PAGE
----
Then and Now: Magic Hill
Magic Hill was the name given to the area around present day Harry and Hillside. I went exploring on the hill in search of some clue as to the source of its name. There is a hill there but no magic that I could find. Hopefully somebody will be able explain why it was so-named.
One of the early residents of Magic Hill was the Eichholtz family. According to William G. Cutler’s History of the State of Kansas, C.S. Eichholtz located his 160 acre stock farm on the southwest corner of Harry and Hillside in 1878, which was at the time three miles southeast of Wichita. He made a specialty of Poland-China thoroughbred hogs and short-horn cattle and was president of the Arkansas Valley Agricultural Society in 1880-81.
Eichholtz, born in Pennsylvania in 1837, was a Union Civil War veteran and was in the battles of Franklin, Chickamauga, Chattanooga, Atlanta, Marietta and Macon, to name just a few. He lived in the spacious two-story folk-Victorian house (above) with his wife, daughter and three sons.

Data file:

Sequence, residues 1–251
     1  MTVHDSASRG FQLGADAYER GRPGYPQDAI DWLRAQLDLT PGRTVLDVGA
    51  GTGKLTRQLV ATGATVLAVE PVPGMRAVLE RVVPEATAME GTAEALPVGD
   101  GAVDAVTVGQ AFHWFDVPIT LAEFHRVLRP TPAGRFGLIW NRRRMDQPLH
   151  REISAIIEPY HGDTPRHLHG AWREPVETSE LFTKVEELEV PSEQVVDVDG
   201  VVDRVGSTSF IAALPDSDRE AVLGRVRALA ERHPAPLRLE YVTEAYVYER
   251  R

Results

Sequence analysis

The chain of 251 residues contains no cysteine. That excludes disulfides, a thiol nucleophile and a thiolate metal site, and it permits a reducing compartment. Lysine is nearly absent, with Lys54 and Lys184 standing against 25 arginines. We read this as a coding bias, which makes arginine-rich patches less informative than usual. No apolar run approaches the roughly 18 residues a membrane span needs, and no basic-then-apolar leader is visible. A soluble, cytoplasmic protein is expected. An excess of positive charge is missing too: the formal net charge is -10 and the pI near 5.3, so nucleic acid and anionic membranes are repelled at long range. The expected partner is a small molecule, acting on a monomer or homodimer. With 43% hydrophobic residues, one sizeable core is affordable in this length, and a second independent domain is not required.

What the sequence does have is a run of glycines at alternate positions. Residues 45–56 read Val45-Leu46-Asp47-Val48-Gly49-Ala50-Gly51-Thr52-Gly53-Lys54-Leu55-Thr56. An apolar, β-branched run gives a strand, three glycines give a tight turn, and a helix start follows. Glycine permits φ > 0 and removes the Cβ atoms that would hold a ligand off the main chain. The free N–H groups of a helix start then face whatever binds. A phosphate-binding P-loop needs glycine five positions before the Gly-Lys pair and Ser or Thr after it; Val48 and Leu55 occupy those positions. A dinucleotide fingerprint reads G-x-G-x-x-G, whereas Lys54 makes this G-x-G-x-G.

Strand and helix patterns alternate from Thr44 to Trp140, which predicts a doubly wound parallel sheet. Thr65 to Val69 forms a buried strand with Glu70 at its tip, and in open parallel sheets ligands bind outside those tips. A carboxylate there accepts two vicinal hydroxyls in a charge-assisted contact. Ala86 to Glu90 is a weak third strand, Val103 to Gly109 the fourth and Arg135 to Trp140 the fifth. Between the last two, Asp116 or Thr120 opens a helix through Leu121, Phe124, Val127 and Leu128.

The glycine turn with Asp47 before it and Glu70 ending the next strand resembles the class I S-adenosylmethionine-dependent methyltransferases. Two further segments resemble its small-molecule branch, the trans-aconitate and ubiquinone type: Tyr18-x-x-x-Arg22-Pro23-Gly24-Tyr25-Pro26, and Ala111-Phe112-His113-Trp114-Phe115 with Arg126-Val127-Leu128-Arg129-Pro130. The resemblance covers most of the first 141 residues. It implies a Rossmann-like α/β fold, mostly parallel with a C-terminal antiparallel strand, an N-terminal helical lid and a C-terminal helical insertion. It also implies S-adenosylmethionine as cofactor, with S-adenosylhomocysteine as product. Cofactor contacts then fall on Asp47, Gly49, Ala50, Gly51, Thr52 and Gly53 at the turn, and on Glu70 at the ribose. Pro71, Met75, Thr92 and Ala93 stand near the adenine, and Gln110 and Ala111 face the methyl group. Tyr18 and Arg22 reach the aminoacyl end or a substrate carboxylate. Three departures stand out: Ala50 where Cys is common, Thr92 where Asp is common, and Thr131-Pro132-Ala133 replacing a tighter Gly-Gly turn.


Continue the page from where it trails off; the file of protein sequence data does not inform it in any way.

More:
Today, the site of the residence is occupied by a furniture store, restaurant and parking lots. The pastures now have been replaced by a soft drink bottling company and private homes. The view from the hill overlooking the city is still impressive but hard to enjoy for fear of getting run down by the heavy traffic.
Just north of Oakwood on the east side of Hillside, between Grand and Harry, was the residence of W. B. Jones and his family. He was from New York and was listed in the Wichita City Directory as a speculator and real estate dealer with Jones Brothers Company
The 1895 photo below shows a horse-drawn Wichita Tourist bus in front of the barn and the family, which appears to consist of W. B. Jones, two young boys, a small girl, two adult ladies and a big black dog.
Today the site is occupied by Letizia’s College of Dress Design, and no trace of the house or barn exist.